Photo: Steve Thurston
In a sign that the school busing debate may not be letting up anytime soon, about a dozen parents spoke to the school board last night, demanding changes to a system they called a “sham” and a “failure,” brought to them by school staff that were “arrogant and rude.”
“Please know that we do hear you, and the Arlington Public School staff hears you,” replied APS board Chair Emma Violand-Sanchez after the end of public comment. Many parents at the back of the room shook their heads and made disbelieving remarks.
Reading from a prepared statement, Violand-Sanchez said, “So, as you’re well aware, it was with the goals of greater efficiency, safety, and timeliness, that changes to our transportation were undertaken. But, as many of you have fairly pointed out, we may have missed those marks in some cases.” She promised that the discussion would continue.
One mark that may have been missed or not--depending on which side is asked--was the public vetting of the plan. Staff maintained throughout the night that they had kept the community informed. The planning has been conducted over the past year with reports to the board. It was presented to the school board in June, staff said. PTAs were notified.
However, there was no public comment period, no official time for parents to say their peace before the plan was implemented.
“We’ll accept that criticism,” said Clarence Stukes, the assistant superintendent for facilities and operations who has been overseeing the changes.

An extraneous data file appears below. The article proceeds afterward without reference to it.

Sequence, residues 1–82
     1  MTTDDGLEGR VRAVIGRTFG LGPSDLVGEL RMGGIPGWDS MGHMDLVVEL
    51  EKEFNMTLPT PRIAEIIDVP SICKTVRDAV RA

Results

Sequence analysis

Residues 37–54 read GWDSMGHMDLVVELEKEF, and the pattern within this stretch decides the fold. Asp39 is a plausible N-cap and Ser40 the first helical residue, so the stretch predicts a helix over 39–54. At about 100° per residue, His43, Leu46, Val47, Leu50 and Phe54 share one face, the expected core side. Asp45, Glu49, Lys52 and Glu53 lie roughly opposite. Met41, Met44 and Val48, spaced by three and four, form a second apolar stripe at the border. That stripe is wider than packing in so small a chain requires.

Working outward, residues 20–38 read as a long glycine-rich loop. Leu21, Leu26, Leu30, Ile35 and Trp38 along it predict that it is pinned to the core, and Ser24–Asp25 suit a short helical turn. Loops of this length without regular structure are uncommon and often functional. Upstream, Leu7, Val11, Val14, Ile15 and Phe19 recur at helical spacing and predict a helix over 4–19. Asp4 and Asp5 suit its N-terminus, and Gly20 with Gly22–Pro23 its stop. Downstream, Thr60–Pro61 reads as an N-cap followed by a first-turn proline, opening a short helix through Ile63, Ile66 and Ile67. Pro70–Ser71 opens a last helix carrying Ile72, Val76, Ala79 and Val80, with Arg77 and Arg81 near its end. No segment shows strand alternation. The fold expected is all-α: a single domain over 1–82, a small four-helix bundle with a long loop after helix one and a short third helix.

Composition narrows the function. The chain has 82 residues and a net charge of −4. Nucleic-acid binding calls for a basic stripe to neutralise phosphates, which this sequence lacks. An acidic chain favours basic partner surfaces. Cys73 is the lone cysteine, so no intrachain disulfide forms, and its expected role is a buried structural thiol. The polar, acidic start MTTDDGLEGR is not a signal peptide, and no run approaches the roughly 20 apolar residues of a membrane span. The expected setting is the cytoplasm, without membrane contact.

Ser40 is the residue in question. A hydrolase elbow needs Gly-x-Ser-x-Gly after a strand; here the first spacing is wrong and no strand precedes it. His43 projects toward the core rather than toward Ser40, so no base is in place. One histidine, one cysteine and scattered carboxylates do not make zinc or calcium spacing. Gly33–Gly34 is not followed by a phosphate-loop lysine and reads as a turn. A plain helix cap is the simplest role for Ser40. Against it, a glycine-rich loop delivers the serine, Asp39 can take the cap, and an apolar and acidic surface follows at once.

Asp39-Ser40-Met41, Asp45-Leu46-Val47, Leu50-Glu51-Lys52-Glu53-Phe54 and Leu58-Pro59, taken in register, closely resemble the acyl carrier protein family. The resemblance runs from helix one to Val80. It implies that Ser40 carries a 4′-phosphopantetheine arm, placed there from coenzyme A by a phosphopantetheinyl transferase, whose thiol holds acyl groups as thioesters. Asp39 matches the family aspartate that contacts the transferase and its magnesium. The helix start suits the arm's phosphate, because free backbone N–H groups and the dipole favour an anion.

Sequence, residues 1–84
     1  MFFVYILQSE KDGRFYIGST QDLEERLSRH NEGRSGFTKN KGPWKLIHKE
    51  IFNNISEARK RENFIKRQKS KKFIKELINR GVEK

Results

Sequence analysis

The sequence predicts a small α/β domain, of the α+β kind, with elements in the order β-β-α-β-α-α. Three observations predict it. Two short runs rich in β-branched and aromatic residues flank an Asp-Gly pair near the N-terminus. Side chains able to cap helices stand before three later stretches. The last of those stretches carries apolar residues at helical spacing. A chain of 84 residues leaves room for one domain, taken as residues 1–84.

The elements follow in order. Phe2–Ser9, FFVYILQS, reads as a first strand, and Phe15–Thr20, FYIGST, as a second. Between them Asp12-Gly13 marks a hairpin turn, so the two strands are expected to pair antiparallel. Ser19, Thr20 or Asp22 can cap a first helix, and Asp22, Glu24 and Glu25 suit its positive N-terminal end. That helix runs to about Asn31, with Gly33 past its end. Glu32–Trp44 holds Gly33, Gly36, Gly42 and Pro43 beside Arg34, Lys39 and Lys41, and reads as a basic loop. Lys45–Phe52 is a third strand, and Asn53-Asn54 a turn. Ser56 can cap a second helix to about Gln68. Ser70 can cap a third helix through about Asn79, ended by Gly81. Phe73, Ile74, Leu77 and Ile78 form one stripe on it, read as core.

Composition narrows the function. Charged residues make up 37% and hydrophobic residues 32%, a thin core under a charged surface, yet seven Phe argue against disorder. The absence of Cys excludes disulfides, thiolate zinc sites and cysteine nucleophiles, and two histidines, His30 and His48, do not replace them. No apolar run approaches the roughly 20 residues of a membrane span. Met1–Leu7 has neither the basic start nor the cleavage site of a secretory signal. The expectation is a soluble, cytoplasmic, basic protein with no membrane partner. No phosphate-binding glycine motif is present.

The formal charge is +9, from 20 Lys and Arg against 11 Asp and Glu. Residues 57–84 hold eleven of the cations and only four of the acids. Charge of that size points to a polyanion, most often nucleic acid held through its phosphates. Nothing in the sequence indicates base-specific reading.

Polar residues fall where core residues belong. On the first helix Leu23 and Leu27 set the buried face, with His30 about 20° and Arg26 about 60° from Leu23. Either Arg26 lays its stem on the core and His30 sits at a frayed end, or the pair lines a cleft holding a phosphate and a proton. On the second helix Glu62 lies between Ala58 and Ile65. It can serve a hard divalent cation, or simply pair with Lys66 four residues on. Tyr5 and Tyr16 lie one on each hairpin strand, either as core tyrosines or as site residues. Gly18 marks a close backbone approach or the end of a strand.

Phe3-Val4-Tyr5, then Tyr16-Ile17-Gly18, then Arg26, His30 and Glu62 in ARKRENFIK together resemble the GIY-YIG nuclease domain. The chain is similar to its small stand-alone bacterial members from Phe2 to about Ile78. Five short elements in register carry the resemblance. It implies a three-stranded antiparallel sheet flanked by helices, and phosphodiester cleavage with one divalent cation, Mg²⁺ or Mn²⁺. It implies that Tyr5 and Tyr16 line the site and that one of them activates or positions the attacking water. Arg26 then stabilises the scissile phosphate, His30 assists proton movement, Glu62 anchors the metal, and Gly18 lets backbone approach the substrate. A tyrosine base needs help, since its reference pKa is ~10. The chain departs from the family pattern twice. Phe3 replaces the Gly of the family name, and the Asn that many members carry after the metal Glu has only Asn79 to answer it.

“The depth of the [implemented] changes was something that was not fully realized" in June, said board member Sally Baird after the board meeting. She added, “I think we all wish it had gone a little differently.”
The issue began about three weeks ago when APS sent letters home to some parents explaining that their children who may have been riding a bus to school in previous years now would be required to walk, ride a bike, or find another way to school. Another 14,000 letters were sent to other parents telling them that their children were allowed to ride the bus. Those letters contained a bus pass.
The rule said that any elementary school student who lives within a mile of the school must walk, and any middle or high schooler must walk if he or she lives within 1.5 miles of the school.
The plan did not take roadways into account. Some students have to cross some of Arlington’s busier roads. Parents have been concerned about safety and about the timing of the announcement, coming after they had made daycare and afterschool arrangements.